Crime in the Computer Age: The Law Enforcement Perspective

By Litt, Robert S. | Texas Review of Law & Politics, Fall 1999 | Go to article overview

Crime in the Computer Age: The Law Enforcement Perspective


Litt, Robert S., Texas Review of Law & Politics


Computer crime is a result of new technologies that are bringing increasing benefits to personal communications, financial transactions, medical care, and many other areas. These same new technologies are often used to threaten the safety of each of us as individuals and our security as a nation. The same kind of technologies that allow almost instantaneous point-of sale verification of your credit card can also be used by hackers who want to break into banks and steal your money.1 The same technologies that allow you to e-mail a photograph of your child to your mother halfway around the globe can also be used by pedophiles to transmit child pornography.2

Technological developments are being pressed upon us with a speed that makes it impossible to stay ahead. I am hoping to impart to you a sense of what some of the problems are and an understanding of what law enforcement is fundamentally trying to do to meet them. I want to emphasize that I do not think anybody in law enforcement purports to have the answers to these problems. They are extraordinarily difficult. Essentially, in an era of rapidly changing technology, we are trying to preserve the investigative capabilities that we had before these technologies came into play. Nobody is looking to expand legal authorities that are given to law enforcement under existing laws; it is just a question of continuing to make those authorities effective in the face of changing technology.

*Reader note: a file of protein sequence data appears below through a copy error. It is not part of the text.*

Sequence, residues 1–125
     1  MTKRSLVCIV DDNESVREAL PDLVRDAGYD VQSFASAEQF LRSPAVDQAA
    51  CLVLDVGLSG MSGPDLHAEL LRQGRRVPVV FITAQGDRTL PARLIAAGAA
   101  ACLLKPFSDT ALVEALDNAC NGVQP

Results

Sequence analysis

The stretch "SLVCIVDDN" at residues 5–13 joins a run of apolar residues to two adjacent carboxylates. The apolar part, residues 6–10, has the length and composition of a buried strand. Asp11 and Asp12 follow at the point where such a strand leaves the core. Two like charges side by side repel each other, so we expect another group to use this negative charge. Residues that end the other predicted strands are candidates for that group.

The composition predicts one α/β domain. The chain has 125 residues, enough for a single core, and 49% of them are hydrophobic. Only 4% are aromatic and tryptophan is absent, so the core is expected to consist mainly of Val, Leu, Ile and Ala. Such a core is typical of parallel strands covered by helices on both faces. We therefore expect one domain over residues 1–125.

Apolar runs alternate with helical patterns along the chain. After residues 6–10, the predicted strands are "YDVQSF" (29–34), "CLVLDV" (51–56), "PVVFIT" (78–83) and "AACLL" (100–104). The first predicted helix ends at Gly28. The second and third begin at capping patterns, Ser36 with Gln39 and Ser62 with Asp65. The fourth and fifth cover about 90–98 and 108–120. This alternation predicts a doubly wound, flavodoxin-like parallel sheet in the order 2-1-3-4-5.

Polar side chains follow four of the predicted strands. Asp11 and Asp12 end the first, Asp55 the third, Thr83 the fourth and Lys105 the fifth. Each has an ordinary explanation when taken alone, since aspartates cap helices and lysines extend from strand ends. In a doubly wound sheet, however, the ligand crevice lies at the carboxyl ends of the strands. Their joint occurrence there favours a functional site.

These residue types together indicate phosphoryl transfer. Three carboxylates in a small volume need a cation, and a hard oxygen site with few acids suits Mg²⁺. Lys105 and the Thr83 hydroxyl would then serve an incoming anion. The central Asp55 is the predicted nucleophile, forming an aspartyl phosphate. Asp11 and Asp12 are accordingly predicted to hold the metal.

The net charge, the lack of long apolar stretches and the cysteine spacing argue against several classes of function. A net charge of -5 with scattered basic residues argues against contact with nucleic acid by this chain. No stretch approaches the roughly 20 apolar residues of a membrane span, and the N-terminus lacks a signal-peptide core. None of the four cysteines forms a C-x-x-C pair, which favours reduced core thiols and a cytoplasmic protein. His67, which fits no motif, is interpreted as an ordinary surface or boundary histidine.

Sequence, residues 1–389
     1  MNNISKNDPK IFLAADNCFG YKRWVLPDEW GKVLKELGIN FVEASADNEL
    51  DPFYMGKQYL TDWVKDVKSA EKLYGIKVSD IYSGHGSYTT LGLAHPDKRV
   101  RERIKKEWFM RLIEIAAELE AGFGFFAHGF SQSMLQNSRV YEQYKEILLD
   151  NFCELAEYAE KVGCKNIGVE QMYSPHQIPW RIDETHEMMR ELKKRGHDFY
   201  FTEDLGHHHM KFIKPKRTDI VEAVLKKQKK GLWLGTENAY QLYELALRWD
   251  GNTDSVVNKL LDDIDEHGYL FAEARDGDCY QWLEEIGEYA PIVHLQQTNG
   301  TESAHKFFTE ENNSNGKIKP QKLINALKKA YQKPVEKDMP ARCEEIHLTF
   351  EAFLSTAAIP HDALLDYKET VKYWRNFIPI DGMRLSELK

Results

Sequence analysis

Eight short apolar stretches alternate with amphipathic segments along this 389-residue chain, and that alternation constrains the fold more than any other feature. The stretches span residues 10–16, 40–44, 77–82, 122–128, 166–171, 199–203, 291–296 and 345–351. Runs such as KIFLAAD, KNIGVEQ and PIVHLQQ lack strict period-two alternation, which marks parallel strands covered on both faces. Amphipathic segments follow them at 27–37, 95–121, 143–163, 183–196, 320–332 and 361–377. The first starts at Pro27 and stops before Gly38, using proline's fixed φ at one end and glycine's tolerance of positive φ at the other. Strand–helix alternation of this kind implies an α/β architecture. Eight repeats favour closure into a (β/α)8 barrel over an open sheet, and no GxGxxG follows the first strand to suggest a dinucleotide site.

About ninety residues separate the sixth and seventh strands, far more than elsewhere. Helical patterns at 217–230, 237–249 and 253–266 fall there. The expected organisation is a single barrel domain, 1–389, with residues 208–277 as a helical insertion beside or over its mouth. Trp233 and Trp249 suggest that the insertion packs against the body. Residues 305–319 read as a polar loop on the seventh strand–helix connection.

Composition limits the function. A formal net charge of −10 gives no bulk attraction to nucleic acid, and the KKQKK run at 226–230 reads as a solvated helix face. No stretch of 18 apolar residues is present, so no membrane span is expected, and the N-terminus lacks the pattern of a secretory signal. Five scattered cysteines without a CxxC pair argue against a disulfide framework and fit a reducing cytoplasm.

Scott Charney, who is the head of the Department of Justice's Computer Crime and Intellectual Property Section, suggests that we think about the role of computers and crime in three different ways.3 The first is that a computer can be the target of a criminal offense. This is what is commonly known as "hacking." Hacking occurs when people try to attack a computer and impair the confidentiality, integrity, or availability of a computer or a computer network. For example, one hacker tried to break into courthouse files and commute his own sentence to probation. Unfortunately for him, he had the wrong court. He had been sentenced in state court, but tried to break into the federal court system. Perhaps even more disconcerting, other hackers have broken into telephone systems and essentially shut down the 911 service.4 As we become more dependent on computers in ways that are not apparent to many of us, these crimes may become more destructive and disruptive.

More often, however, and perhaps not as well known, we see computers used as tools to commit traditional offenses such as fraud or theft.5 There is a well-known instance of a group of hackers in St. Petersburg who broke into a Citibank computer, took $10 million from various customers' accounts, and transmitted the money to accounts in Europe.6 In a slightly different vein, an individual established a website offering collectibles for sale. The problem was that he did not have any collectibles. He was just collecting people's credit card numbers for reuse and sale.7 Industrial spies have used computer networks to break into the networks of their competitors to steal their intellectual property.8 These are all common examples of the second way in which computers are involved in crime.

The third aspect of computer crime involves information storage.9 Computers serve as large filing cabinets and, thus, are repositories of evidence in many cases. Where law enforcement used to go to court to get a search warrant to seize records that are evidence of a crime, we now find ourselves seizing computers that contain those same paper records. Drug dealers used to carry around a little black book with the names of their customers and their transactions, but they may now use palmsized notebook computers as the record-keeping system of choice. Unfortunately, it is often more difficult to read the contents of the files on a computer-even when it has been legally seized-than it is to read the paper that has been taken out of somebody's file drawer. …

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